Aviation: this hybrid triplane could revolutionize short-haul flights
[EN VIDÉO] Carbon-neutral kerosene for our planes Researchers have developed a reactor that can produce liquid fuel, like the kerosene that powers our planes, from just water, carbon dioxide (CO2) and solar energy. From the heat that comes to us from the sun, more precisely. Thanks to a concentrator which raises the temperature to 1,500°C and triggers useful chemical reactions in the reactor. (in English) © Swiss Federal Institute of Technology Zurich
To reach zero emission of carbon by 2050 promised by the International Air Transport Association (Iata), aircraft manufacturers are carrying out numerous projects aircraft heterogeneous mix of energy-efficient architectures energyand electric motors or hybrids powered by biofuels or elsehydrogen. Among the projects in progress, there is that of the British company Faradair. Based in Duxford, Cambridgeshire, she plans to fly her Bio Electric Hybrid Aircraft (Beha), a hybrid triplane that can carry up to 19 people over short distances.
As with all electric-powered aircraft projects, the concern remains the weight of the batteries, hence the choice of a system hybrid, combining an electric motor with a small turbine powered by bio-fuel. Solar panels on the plane’s wings keep the battery charged on the ground.
It is in a museum of Aeronautics, around mythical planes such as the Spitfire, that the CEO of Faradair, Neil Cloughey presents his Beha hybrid plane. © Farader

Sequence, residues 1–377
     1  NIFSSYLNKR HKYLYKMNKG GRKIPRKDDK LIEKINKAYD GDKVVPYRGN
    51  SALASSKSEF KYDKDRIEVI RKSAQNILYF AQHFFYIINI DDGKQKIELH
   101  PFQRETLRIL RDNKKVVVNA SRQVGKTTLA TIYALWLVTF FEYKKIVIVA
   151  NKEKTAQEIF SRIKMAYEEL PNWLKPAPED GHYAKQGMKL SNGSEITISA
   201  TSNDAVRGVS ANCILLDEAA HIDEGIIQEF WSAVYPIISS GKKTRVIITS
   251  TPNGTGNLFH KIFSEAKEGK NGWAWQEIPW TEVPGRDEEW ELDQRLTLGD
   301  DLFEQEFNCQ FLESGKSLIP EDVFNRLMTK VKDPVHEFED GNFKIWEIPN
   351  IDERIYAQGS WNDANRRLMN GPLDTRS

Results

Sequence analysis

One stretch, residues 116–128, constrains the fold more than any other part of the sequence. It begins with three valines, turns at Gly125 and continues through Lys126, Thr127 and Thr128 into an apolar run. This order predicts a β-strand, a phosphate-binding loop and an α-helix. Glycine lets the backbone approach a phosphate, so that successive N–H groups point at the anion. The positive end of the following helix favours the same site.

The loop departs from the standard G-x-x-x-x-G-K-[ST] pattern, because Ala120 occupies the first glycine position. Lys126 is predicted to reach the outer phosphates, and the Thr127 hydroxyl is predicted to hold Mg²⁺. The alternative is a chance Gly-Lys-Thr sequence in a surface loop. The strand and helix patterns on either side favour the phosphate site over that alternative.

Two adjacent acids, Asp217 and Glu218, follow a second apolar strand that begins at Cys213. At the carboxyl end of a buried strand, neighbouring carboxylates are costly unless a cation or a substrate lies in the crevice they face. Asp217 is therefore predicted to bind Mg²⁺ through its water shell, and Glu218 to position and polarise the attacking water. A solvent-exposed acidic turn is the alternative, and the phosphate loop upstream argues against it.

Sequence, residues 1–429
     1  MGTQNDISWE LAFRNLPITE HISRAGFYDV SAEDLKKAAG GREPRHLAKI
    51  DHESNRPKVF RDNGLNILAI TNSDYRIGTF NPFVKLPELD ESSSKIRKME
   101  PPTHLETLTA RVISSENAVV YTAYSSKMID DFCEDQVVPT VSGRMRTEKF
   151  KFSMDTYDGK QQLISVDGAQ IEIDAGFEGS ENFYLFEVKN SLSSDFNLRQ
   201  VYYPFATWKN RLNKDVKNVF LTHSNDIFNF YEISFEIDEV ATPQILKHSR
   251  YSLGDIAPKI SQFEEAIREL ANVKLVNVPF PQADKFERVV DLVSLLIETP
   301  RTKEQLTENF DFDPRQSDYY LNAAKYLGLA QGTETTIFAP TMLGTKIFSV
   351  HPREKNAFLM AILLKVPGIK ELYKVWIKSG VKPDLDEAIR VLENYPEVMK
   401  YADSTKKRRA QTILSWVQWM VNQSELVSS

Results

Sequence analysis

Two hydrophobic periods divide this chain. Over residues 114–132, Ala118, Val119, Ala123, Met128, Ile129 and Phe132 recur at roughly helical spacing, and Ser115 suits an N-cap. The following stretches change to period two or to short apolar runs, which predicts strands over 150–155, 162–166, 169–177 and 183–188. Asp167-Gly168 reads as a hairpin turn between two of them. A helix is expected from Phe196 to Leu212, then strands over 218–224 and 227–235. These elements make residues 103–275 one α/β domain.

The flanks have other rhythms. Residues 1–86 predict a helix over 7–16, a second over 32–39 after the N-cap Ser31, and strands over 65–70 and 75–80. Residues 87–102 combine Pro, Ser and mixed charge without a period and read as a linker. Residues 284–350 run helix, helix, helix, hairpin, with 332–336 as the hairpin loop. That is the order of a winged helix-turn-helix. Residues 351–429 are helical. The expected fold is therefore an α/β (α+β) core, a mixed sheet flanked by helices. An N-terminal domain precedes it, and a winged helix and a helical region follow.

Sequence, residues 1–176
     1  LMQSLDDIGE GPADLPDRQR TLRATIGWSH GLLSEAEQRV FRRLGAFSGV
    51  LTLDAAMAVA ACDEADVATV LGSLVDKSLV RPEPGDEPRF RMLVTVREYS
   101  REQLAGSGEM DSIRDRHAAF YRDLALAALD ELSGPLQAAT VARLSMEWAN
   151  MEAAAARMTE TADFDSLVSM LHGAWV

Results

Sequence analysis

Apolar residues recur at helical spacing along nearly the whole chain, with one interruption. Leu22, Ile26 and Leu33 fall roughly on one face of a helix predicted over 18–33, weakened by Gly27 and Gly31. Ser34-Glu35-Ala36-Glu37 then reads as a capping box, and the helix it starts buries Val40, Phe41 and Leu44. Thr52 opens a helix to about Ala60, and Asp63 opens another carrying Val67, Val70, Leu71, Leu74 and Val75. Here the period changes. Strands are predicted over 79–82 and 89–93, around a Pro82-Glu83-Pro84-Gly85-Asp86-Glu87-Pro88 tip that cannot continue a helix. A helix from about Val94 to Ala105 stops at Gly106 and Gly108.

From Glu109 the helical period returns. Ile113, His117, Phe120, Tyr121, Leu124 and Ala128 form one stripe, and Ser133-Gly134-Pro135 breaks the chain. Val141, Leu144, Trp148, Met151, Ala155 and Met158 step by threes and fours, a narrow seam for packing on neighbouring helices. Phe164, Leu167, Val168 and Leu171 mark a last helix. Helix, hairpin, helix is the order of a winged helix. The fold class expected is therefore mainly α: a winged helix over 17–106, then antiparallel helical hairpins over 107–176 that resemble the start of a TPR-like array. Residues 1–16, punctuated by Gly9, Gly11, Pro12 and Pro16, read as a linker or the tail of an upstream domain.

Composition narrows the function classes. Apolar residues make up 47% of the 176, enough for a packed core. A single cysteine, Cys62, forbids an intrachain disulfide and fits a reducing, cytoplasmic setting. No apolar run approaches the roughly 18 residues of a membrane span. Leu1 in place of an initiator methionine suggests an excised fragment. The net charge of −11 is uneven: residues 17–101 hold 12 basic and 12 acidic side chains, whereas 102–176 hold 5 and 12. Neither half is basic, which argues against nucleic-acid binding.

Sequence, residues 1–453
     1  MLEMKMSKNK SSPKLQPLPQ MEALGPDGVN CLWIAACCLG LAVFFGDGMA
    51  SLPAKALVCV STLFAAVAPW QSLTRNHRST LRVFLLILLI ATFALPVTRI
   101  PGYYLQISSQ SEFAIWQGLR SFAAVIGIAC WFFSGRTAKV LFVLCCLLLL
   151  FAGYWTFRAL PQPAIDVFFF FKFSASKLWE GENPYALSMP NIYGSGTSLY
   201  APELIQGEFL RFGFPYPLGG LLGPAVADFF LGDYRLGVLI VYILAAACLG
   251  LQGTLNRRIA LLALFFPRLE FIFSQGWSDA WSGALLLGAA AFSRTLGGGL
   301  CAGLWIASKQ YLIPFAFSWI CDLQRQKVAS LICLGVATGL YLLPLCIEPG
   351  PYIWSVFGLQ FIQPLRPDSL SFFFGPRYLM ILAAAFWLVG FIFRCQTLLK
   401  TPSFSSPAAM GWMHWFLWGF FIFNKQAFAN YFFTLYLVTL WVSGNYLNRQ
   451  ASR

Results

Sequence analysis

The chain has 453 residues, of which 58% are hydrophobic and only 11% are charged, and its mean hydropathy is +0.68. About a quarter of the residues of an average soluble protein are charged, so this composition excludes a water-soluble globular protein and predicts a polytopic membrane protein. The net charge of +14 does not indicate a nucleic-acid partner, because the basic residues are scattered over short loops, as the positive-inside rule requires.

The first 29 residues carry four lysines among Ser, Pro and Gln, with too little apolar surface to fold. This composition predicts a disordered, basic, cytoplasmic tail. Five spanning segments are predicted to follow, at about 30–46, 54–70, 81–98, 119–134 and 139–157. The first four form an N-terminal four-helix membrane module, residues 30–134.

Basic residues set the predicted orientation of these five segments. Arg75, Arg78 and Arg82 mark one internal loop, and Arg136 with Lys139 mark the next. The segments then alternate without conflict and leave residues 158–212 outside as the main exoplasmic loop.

Eco-friendly and cheaper than the train
To increase the liftFaradair chose an architecture triplane. Yet abandoned since the First World War, this process provides very good lift with a smaller wingspan. The other advantage is that the triplanes are more maneuverable, and can take off and land on short runways. They also quickly gain altitude. The big drawback is the significant drag generated by the three wings. To reduce it, Faradair imagined a particular shape of wing with at the end of large winglets.
The Beha will enable short-haul flights between major cities such as London and Manchester. The aircraft manufacturer estimates that the price for the passenger would be around 30 euros, i.e. cheaper than a train ride between these two cities. Faradair says the aircraft’s operating costs are expected to be low and the Beha will also have the added benefit of being quiet and durable. Faradair plans to fly its first planes by 2025 and even plans to operate commercial flights from 2027.
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